Central to Proctor’s mission and Profile of a Proctor Graduate is the belief that collaboration sits at the core of all we do. Knowing how to work alongside peers, to share expertise, to work toward a common goal, these skills will serve our students well beyond their high school years.
The 4th of July in the town of Andover, New Hampshire looked a little different this year. Not just because COVID-19 canceled festivities on the Town Green, the parade through campus filled with local fire departments and scout troops, or fireworks over Carr Field, but because of a much needed reframing of our understanding of Independence Day in America.
July has arrived, and while campus remains quiet, planning for our return to school in September is in full swing. We know questions abound as the academic year approaches. In order to provide an open forum for these questions, we invite you to join the following faculty and administrators during our Summer Office Hours Series (all times listed are Eastern Standard Time). Each of these office hours sessions will be held via WebEx (parents and students should check email for additional links to each event), and will serve as true “office hours” where families can jump on for a few minutes or the entire time.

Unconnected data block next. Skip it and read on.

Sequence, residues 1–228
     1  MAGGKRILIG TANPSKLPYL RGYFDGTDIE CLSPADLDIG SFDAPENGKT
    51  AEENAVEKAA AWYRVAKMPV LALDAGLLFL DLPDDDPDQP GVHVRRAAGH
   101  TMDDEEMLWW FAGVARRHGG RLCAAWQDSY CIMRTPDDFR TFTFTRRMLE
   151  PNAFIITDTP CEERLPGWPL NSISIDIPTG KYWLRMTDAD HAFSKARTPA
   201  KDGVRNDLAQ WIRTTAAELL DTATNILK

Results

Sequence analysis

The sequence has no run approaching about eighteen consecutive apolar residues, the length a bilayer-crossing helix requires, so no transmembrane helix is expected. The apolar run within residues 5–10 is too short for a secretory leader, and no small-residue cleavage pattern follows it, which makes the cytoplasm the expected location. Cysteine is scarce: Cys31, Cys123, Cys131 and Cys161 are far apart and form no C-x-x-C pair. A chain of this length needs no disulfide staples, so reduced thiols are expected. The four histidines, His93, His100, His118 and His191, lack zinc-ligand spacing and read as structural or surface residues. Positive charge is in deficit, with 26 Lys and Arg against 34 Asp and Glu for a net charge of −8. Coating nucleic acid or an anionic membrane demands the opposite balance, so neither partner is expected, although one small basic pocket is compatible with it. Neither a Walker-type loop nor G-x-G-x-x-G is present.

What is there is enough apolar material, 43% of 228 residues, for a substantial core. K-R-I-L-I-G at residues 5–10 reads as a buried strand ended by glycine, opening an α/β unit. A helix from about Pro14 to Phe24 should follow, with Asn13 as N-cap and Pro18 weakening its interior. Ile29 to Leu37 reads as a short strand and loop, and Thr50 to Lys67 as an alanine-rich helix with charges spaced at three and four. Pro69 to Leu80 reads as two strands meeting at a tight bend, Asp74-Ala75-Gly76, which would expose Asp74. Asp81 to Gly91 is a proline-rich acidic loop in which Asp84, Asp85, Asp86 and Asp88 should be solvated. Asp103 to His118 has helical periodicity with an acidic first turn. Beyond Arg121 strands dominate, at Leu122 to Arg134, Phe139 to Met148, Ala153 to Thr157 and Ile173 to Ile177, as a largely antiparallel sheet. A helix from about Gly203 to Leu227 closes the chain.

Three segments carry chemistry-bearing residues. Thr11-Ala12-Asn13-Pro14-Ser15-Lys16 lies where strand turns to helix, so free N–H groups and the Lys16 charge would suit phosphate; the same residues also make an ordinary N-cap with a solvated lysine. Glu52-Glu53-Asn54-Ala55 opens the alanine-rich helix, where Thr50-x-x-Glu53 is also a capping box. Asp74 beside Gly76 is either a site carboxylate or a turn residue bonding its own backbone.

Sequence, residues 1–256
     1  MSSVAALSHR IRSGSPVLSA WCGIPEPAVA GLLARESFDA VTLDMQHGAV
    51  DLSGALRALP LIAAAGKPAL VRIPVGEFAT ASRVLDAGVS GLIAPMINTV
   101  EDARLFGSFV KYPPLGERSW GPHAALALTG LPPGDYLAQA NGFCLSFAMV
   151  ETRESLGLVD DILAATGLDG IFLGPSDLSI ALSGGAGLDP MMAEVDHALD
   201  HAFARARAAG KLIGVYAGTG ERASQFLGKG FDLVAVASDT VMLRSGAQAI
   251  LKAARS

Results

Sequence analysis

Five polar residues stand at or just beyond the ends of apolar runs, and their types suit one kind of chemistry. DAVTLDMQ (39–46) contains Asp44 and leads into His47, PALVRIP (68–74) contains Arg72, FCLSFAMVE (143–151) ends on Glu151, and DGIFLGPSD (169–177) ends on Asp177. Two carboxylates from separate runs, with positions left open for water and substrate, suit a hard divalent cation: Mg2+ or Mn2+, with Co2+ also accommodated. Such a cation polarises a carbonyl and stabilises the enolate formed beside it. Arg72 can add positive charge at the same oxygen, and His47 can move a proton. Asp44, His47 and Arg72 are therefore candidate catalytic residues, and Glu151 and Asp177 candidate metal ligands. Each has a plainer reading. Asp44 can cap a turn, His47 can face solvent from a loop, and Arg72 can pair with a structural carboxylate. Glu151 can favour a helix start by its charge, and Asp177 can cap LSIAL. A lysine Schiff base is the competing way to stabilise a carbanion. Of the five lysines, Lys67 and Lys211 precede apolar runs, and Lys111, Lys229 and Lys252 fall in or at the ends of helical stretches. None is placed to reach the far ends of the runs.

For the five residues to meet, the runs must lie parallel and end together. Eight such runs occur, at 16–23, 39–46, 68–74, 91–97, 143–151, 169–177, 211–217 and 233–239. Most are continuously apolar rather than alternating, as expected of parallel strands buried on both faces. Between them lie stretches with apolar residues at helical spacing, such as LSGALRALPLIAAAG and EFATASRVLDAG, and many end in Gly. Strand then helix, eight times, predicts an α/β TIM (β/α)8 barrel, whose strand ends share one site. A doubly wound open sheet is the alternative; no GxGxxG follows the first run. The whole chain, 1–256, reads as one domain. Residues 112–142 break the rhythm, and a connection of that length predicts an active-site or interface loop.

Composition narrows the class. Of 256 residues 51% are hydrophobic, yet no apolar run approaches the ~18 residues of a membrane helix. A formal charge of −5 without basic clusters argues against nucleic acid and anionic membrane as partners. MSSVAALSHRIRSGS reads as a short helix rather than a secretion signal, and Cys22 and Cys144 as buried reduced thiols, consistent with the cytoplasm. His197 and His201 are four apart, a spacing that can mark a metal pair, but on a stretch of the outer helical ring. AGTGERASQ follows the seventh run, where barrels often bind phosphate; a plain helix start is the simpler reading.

We talk often about how it is the people that make Proctor such a kind, supportive, loving community. As we rapidly approach June 30 and the final official day of the 2019-2020 academic year, we bid farewell to eight talented faculty and staff who have dedicated a portion (or in some cases all) of their professional life to the Proctor community.
A week from today is July 1, a seemingly uneventful turn of the calendar for most, but for Proctor it is the start of a new fiscal year. Like many academic institutions, Proctor's June 30 fiscal year end marks the end of the 2019-2020 annual giving cycle. We don't talk often about school finances, but as a 501(c)3 non-profit, Proctor relies on tax-deductible donations to meet its operating budget, a budget that unlocks a world of opportunities for our students.
One year ago, on June 19, 2019, Governor Sununu signed a bill declaring Juneteenth a state holiday in the State of New Hampshire, 154 years after the last group of enslaved Americans learned of their freedom outside Galveston, Texas, two and a half years after the Emancipation Proclamation was issued. The date, June 19, 1865, was recognized as the actual independence of Black Americans. Freedom, delayed.
With well over 8,000 alumni, it is impossible to pause and recognize all who pass away. But when an individual who has shaped Proctor the way James L. Dunbar ‘49 has leaves this world, we feel compelled to share his story with the greater community. Jim died on June 9 (on what would have been his 69th wedding anniversary) at the age of 90.
Born out of our belief that our deepest learning comes from a synthesis of all aspects of the Proctor experience, the Academic Concentration Program affords students an opportunity to weave content, independent research, internships, off-campus programs, and on-campus courses into a cohesive learning experience.